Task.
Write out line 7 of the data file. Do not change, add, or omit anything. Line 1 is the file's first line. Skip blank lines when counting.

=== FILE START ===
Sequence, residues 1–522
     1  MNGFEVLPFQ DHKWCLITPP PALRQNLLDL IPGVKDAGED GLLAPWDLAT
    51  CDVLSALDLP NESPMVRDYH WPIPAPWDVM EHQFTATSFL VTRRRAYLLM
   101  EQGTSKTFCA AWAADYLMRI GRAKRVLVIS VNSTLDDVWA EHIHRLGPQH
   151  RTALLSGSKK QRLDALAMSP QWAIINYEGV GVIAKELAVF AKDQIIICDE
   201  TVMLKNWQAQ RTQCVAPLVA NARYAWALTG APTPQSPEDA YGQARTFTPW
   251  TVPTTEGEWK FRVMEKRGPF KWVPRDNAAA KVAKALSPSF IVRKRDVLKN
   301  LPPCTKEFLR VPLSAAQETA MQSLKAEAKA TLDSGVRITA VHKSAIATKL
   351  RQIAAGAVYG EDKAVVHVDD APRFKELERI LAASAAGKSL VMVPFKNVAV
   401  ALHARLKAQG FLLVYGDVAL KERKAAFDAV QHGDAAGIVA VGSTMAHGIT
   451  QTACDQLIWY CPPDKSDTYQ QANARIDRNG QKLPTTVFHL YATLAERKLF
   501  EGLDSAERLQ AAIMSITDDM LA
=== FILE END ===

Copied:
   251  TVPTTEGEWK FRVMEKRGPF KWVPRDNAAA KVAKALSPSF IVRKRDVLKN